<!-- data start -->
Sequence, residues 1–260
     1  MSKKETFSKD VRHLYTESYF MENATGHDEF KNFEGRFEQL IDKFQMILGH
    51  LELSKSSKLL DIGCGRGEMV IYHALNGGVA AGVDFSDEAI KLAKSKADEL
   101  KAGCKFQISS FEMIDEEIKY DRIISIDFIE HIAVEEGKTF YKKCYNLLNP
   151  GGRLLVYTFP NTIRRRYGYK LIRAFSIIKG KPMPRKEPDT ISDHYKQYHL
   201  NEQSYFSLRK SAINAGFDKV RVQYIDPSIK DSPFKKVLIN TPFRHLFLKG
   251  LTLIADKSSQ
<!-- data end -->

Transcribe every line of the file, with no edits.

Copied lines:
Sequence, residues 1–260
     1  MSKKETFSKD VRHLYTESYF MENATGHDEF KNFEGRFEQL IDKFQMILGH
    51  LELSKSSKLL DIGCGRGEMV IYHALNGGVA AGVDFSDEAI KLAKSKADEL
   101  KAGCKFQISS FEMIDEEIKY DRIISIDFIE HIAVEEGKTF YKKCYNLLNP
   151  GGRLLVYTFP NTIRRRYGYK LIRAFSIIKG KPMPRKEPDT ISDHYKQYHL
   201  NEQSYFSLRK SAINAGFDKV RVQYIDPSIK DSPFKKVLIN TPFRHLFLKG
   251  LTLIADKSSQ